Music in the Works of Broch, Mann, and Kafka

Music in the Works of Broch, Mann, and Kafka

John A. Hargraves


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Camden House



This book throws new light on aspects of the works of Broch, Mann, and Kafka.
The German Romantic critic Friedrich Schlegel saw music as a paradigm of art, and wished to bring the qualities of music to literature. Schopenhauer saw in music a direct manifestation of the Will, and thus as the highest form of art. This study examines the ironic influence of these and similar ideas of music's primacy among the arts on three of the most important modern writers of German: Hermann Broch, Thomas Mann, and Franz Kafka. Of the three, Broch takes Schlegel's idea furthest: His novel The Death of Vergil uses the constructive techniques and sonorities of music to extend the cognitive reach of his writing to the non- or supraverbal, and Hargraves traces similar concerns across Broch's career. Unlike Broch, Mann saw in musicality a peculiarly German access to the dark forces within the human psyche. Music is the `glass' through which the reader sees the development of the anti-hero Hans Castorp in Mann's Magic Mountain. In Doktor Faustus, on the other hand, the hero Leverkuhn conjures with demonic powers to create fictional music; his `strict style' is itself an allegory of the political realities of the 20th century. Kafka admitted that he had little appreciation for music, but two of his important shorter works. `Josefine the Singer,' and `Investigations of a Dog,' transform this `unmusicality' into an enigmatic essay on the uses and limits of art. Hargraves uncovers surprisingly parallel concerns among these three very different writers.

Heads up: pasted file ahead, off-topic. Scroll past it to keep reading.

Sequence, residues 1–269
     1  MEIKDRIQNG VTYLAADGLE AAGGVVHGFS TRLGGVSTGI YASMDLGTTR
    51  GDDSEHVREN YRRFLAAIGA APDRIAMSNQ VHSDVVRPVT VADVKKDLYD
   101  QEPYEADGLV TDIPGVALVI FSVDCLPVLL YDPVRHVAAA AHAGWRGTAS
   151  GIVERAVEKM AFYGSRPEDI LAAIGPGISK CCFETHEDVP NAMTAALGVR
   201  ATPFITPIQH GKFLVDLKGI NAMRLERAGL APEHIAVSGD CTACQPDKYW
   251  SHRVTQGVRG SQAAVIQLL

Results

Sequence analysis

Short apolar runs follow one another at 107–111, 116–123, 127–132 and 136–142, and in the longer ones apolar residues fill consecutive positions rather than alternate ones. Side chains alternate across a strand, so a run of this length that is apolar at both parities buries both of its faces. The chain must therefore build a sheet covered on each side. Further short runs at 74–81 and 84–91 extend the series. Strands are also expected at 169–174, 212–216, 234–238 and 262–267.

John Hargraves is assistant professor of German at Connecticut College, New London, Connecticut.


November 2001
224 pages
9x6 in
Studies in German Literature Linguistics and Culture
ISBN: 9781571132086
Format: Hardback
Camden House
BISAC LIT004170, MUS000000
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Table of Contents

Hermann Broch: Biographical Background
Broch's Discursive Writings on Music
The Spell
The Guiltless and Don Giovanni
Musical Ideas in Hugo von Hofmannsthal and His Time
Music in The Sleepwalkers
Music, Silence and Time: The Architectonics of The Death of Virgil
Thomas Mann's Two Music Novels: The Magic Mountain and Doctor Faustus
Kafka and Silence: a Negative View
Works Cited


Erudite, persuasively written... MIDWEST BOOK REVIEW

Lucidly written, this book exposes creative and unexpected musical connections among the three artists Broch, Mann, and Kafka. Particularly the main section on Hermann Broch will be a valuable resource for any Broch scholar. MONATSHEFTE

Hargraves transcends the customary boundaries of simply analyzing literary works that center on the story of a real or fictional musician...; rather, he sets out to find "music" (as broadly implied in the title) in the writings of Hermann Broch, Thomas Mann, and Franz Kafka based on these writers' own relationship with music. GERMAN STUDIES REVIEW

...rewards the reader with profound insights that are bound to expand his or her view of Broch and Kafka. GERMAN QUARTERLY

Author Bio

Assistant professor of German at Connecticut College, New London, Connecticut, 06320-4196.

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